It's an old superstition that accidentally spilling salt is a bad omen: it's said that it draws its origins from the Christian tradition, due to Judas Iscariot having supposedly spilled salt at the Last Supper shortly before he betrayed Jesus. In fact, its origins are probably much more pragmatic: until recently, salt was really expensive, so spilling it was already rather unlucky. It was also used as a sign of friendship and hospitality - spilling salt offered to you by your host was a bad sign.
Much like black cats, spilled salt can work both ways - another common superstition holds that throwing a pinch of salt over your left shoulder brings good luck and wards off evil.
Hexakosioihexekontahexaphobia - that's the technical name for the fear of the number 666, otherwise known as the Number of the Beast. This superstition undeniably comes from Christianity - the number is mentioned as being representative of Satan in the Biblical Book of Revelations. It's gained in popularity through being heavily featured in films like The Omen (above), and was taken so seriously by former US President Ronald Reagan that when he moved into a private house at the end of his presidency, he had the street number changed from 666 to 668.
However, it might be that everyone's got it wrong all this time - in 2005, a group of scholars announced that they discovered evidence that the number was originally supposed to be 616, not 666...
Walking Under Ladders
Walking underneath a ladder is widely held to be bad luck. Despite some theories suggesting that this is to do with the triangle formed by a ladder representing the Christian Holy Trinity, the most likely explanation is far more simple and obvious: walking under laddders is quite dangerous. It's actually just sensible health and safety advice dressed up as a superstition.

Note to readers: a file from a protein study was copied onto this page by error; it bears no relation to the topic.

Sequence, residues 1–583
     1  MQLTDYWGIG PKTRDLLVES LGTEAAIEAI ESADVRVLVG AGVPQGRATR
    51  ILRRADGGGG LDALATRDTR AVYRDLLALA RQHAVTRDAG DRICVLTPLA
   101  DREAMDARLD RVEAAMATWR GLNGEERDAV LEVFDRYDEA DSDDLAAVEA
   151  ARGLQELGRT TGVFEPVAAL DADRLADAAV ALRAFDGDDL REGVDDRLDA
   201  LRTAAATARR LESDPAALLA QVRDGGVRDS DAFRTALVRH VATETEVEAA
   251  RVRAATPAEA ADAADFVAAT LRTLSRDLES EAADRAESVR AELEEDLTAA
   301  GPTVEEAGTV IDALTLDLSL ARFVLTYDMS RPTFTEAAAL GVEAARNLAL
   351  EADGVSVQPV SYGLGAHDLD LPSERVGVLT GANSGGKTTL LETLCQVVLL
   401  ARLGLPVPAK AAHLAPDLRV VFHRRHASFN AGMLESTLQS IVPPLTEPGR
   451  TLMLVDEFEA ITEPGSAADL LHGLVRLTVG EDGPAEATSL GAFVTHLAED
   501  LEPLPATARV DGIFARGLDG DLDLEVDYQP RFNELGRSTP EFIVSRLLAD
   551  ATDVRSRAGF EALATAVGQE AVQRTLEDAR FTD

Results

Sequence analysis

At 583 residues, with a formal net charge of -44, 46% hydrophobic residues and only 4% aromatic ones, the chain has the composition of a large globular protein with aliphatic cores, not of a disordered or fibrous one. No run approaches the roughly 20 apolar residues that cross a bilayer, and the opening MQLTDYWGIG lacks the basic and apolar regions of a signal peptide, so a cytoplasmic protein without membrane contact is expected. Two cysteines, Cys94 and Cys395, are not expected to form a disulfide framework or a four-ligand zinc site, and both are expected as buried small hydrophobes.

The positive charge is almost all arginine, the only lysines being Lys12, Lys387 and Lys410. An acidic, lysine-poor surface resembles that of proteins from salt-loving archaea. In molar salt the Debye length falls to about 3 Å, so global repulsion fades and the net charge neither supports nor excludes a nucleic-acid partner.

Chain letters are an old phenomenon, dating back to at least 1888 - letters that ask the recipient to copy them and pass them on, often warning the superstitious that some terrible fate will await them if they don't (often giving examples of bad things that have happened to people who didn't forward them.) And the arrival of email and then social networks - making it even easier to pass messages along - has only increased the popularity of chain mail. While many chain letters are money-making scams, the reasons behind the more superstitious ones are unclear... beyond a simple desire to see how far something will spread.
For those who always travel.
8 Hotel Room Superstitions To Practise For an Undisturbed Night’s Sleep
1. Always knock before entering your room 2. Let there be light 3. Flush the toilet 4. Occupy All Beds 5. Don’t Sleep Facing The Mirror 6. Throw your footwear around 7. Avoid rooms near the fire exits 8. Don’t pick up random ritualistic objects
Of course, for drivers.
7 Singaporean Driving Superstitions and Taboos
1. Wash and wax prevents misfortune
And of course, the number one superstition amongst car-lovers here must be that a dirty car attracts dents and accidents. But there may be some basis for this, if you believe what applies to cities applies to cars: the broken windows theory states that maintaining and monitoring urban environments to prevent small crimes such as vandalism, public drinking and toll-jumping helps to create an atmosphere of order and lawfulness, hence preventing more serious crimes from happening. If you don’t believe washing and waxing works, here's some food for thought: 3 Singaporean cars have been stolen in Johor Bahru recently in less than a week. Do you think they were stolen because they looked dirty and rundown, or because they were freshly washed and waxed?